Guest Post: Why The Bullwhip Effect All But Guarantees Another Poorly-Handled Liquidity Crisis

Tyler Durden's picture

Submitted by Adam Taggart via Peak Prosperity,

I'm about to connect the Federal Reserve to beer. You ready?

The Bullwhip Effect

One of my more memorable moments in business school came during an Operations class. The topic for the day was the Bullwhip Effect, a very real and vexing phenomenon that occurs in forecast-driven distribution systems.

Essentially, when there are multiple parties in a distribution system, the imperfections in each player's forecasts (no forecast is consistently perfect) compound to wreak increasing havoc over time, even if demand stays relatively stable.

Grasping how this works is somewhat non-intuitive. So the professor had us play a game developed by MIT back in the 1960s that uses beer to make the point (thus guaranteeing our full attention).

The Beer Game

The Beer Distribution Game divided us into groups of 4 people each. Each person was assigned a role (factory, distributor, wholesaler, retailer). Our task was to meet downstream demand while trying to avoid costly inventory overages or backorders.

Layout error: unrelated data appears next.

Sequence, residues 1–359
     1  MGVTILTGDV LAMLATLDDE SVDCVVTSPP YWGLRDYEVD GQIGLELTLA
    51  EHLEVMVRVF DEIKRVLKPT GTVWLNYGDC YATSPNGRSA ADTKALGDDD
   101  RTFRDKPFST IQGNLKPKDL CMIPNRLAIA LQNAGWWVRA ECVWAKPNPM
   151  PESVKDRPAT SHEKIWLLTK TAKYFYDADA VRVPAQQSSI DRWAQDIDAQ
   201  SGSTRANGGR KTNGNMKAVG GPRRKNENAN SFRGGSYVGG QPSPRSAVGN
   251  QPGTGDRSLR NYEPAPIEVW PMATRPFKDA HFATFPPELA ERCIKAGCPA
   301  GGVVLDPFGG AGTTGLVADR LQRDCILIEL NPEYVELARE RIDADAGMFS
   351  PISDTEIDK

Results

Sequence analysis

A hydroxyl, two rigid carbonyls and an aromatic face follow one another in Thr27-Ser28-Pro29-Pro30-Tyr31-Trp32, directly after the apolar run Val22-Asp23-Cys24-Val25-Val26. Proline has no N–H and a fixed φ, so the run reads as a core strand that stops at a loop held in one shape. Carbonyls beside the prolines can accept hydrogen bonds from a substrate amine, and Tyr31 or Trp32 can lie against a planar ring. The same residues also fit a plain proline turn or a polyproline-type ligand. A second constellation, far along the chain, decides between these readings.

The game was played in rounds, and communication was limited to exchanging pieces of paper via which we either fulfilled downstream demand from our inventories (if we could) or placed orders with our upstream supplier (our forecasts).

As the rounds progressed, the swings in inventory overages and outages became more frequent and more extreme. We each did our best to adjust, but that just seemed to make the volatility worse.

At the end of the exercise, I remember the professor asked a member of each group to go up to the front of the room and draw a chart of the demand curve their team saw during the game. Each group's chart looked wildly different. All were chaotic, and there was no discernible pattern among them.